Enhancing cultural considerations in networks and health: A commentary on racial differences in family health history knowledge and interpersonal mechanisms

Research output: Contribution to journalReview article

1 Citation (Scopus)

Abstract

In this commentary, I commend and expand upon the article of Lin et al., 'Racial differences in family health history knowledge of type 2 diabetes: exploring the role of interpersonal mechanisms.' In particular, the commentary discusses the role and importance of culture in family health history communication, as this topic is very relevant to Lin and colleagues' primary finding that in comparison to their White counterparts, African American families had uneven distributions of family health history knowledge due to them having fewer reciprocal health communication ties. I offer insights and suggestions regarding cultural influences on family health communication and the importance of incorporating cultural considerations in family networks studies. I also provide perspective on the translation of family networks and health study findings into the types of culturally appropriate interventions needed to activate family health history communication in racial and ethnic minority families. Information discussed has implications for future efforts seeking to reduce racial and ethnic disparities in family health history communication and knowledge.

Original languageEnglish (US)
Pages (from-to)550-553
Number of pages4
JournalTranslational Behavioral Medicine
Volume8
Issue number4
DOIs
StatePublished - Jul 17 2018

Fingerprint

Medical History Taking
Health Communication
Health
Family Health
African Americans
Type 2 Diabetes Mellitus

Keywords

  • African American
  • Culture
  • Family health history
  • Health communication
  • Social network

ASJC Scopus subject areas

  • Applied Psychology
  • Behavioral Neuroscience

Cite this

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title = "Enhancing cultural considerations in networks and health: A commentary on racial differences in family health history knowledge and interpersonal mechanisms",
abstract = "In this commentary, I commend and expand upon the article of Lin et al., 'Racial differences in family health history knowledge of type 2 diabetes: exploring the role of interpersonal mechanisms.' In particular, the commentary discusses the role and importance of culture in family health history communication, as this topic is very relevant to Lin and colleagues' primary finding that in comparison to their White counterparts, African American families had uneven distributions of family health history knowledge due to them having fewer reciprocal health communication ties. I offer insights and suggestions regarding cultural influences on family health communication and the importance of incorporating cultural considerations in family networks studies. I also provide perspective on the translation of family networks and health study findings into the types of culturally appropriate interventions needed to activate family health history communication in racial and ethnic minority families. Information discussed has implications for future efforts seeking to reduce racial and ethnic disparities in family health history communication and knowledge.",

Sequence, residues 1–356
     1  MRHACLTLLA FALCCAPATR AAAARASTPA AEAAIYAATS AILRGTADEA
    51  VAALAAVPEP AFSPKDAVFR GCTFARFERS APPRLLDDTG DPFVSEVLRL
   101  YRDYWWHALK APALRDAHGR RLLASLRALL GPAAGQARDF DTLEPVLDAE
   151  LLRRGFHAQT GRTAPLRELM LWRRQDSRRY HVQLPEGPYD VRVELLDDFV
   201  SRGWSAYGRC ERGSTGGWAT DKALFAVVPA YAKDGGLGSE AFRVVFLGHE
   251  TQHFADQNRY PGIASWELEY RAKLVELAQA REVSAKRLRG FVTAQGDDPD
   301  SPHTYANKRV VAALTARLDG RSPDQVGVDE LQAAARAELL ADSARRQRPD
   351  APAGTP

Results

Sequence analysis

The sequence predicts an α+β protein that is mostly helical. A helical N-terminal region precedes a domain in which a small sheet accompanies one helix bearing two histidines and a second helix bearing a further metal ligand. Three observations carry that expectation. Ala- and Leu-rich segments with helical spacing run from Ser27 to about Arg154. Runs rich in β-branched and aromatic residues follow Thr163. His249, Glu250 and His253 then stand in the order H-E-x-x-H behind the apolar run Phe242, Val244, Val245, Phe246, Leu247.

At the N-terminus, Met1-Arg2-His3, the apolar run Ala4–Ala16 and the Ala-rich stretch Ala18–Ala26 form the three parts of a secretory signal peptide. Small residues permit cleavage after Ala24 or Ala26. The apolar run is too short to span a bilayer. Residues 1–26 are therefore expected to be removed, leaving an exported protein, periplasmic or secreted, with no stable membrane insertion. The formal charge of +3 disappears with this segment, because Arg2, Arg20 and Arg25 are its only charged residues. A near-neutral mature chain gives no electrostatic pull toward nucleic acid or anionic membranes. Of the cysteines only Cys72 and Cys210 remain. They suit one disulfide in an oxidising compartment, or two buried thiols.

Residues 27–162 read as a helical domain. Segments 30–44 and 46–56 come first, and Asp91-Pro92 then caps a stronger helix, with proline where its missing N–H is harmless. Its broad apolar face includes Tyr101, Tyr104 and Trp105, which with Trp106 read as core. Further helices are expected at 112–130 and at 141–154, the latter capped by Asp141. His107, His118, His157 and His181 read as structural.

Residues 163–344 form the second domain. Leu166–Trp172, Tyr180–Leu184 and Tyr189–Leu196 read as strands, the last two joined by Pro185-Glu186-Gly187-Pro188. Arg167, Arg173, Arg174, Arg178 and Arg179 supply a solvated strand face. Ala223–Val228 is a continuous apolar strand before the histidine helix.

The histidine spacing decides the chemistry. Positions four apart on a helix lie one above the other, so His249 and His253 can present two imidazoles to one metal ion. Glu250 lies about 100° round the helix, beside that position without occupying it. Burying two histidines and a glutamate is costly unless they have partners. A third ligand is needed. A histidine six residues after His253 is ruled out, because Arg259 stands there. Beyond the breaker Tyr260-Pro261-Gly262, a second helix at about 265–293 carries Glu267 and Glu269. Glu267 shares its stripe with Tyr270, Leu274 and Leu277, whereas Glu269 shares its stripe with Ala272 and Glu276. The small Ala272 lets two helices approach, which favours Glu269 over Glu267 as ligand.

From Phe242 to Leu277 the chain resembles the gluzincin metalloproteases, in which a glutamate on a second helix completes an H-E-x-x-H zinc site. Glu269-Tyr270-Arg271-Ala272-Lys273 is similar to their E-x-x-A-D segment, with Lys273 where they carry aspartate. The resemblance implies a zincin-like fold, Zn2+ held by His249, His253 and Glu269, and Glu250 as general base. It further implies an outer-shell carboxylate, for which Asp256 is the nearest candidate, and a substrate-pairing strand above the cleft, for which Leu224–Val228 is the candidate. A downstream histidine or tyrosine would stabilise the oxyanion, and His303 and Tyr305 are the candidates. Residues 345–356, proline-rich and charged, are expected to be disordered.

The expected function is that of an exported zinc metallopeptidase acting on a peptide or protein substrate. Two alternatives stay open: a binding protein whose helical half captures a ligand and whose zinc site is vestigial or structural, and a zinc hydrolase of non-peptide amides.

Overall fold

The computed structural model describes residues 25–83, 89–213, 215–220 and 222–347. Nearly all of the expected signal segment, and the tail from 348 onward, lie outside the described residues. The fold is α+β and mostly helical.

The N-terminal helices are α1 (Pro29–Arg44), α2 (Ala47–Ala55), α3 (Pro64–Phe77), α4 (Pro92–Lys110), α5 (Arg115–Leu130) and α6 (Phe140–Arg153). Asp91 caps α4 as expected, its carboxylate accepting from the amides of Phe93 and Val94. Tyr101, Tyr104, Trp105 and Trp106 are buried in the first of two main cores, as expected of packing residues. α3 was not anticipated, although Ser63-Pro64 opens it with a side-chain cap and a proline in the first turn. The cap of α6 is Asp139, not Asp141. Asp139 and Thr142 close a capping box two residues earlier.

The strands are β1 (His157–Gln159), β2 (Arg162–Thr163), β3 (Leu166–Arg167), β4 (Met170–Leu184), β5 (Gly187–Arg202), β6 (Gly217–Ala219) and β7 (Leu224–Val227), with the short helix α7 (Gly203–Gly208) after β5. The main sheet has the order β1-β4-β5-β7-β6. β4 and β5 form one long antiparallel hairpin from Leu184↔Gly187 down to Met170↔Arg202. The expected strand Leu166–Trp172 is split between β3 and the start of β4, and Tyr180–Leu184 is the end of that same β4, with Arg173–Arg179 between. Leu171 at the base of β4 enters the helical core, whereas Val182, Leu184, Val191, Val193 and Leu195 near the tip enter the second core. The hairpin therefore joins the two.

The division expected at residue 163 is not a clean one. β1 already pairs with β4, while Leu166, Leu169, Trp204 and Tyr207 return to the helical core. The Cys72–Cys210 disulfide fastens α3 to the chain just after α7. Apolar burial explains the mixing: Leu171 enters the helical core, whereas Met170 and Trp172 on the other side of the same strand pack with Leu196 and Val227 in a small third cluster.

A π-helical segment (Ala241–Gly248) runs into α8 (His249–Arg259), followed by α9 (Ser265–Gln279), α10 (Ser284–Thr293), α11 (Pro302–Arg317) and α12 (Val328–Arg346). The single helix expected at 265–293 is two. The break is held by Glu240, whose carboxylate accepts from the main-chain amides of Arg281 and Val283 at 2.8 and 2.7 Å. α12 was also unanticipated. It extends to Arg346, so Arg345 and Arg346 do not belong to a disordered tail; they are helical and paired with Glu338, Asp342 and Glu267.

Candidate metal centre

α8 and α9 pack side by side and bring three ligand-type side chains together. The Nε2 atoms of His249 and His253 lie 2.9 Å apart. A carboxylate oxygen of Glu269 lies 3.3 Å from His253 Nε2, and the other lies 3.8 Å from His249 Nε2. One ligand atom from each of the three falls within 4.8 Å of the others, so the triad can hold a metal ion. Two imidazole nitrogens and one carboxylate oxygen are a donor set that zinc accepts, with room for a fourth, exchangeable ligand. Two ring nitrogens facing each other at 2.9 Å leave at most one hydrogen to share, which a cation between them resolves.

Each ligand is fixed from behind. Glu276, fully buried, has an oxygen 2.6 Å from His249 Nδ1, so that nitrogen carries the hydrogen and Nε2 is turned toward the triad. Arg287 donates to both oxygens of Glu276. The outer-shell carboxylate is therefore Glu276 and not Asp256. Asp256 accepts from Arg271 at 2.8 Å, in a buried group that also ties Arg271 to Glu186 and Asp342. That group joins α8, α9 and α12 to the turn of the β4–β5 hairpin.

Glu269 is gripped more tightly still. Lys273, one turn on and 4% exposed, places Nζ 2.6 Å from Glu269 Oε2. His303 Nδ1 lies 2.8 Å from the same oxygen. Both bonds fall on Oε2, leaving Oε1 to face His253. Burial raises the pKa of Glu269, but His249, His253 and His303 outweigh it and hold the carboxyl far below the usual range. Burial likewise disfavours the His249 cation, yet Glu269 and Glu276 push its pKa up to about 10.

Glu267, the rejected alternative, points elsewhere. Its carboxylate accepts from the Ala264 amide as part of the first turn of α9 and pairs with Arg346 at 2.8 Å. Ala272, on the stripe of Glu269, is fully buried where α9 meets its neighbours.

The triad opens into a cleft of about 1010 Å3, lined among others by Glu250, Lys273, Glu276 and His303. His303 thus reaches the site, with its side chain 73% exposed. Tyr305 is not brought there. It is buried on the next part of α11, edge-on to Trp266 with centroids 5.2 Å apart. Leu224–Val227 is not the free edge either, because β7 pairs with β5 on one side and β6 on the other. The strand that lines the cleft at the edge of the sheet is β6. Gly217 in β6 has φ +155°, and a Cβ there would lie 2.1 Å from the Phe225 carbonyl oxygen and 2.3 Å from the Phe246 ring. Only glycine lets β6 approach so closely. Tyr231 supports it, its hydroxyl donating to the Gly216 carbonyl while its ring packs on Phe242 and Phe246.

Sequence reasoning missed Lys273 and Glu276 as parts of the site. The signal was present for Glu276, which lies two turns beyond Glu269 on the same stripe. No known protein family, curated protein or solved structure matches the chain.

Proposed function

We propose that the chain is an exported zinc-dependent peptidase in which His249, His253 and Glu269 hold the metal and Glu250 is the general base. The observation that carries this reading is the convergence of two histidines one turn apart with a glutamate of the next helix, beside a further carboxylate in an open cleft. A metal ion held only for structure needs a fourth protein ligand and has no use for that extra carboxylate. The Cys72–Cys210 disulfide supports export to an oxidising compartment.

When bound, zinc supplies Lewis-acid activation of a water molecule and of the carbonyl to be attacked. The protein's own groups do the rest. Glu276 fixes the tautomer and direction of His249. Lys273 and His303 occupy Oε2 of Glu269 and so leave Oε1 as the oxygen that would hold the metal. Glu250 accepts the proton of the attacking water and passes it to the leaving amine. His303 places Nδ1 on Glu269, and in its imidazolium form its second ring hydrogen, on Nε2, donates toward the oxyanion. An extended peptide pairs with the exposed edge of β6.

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AB - In this commentary, I commend and expand upon the article of Lin et al., 'Racial differences in family health history knowledge of type 2 diabetes: exploring the role of interpersonal mechanisms.' In particular, the commentary discusses the role and importance of culture in family health history communication, as this topic is very relevant to Lin and colleagues' primary finding that in comparison to their White counterparts, African American families had uneven distributions of family health history knowledge due to them having fewer reciprocal health communication ties. I offer insights and suggestions regarding cultural influences on family health communication and the importance of incorporating cultural considerations in family networks studies. I also provide perspective on the translation of family networks and health study findings into the types of culturally appropriate interventions needed to activate family health history communication in racial and ethnic minority families. Information discussed has implications for future efforts seeking to reduce racial and ethnic disparities in family health history communication and knowledge.

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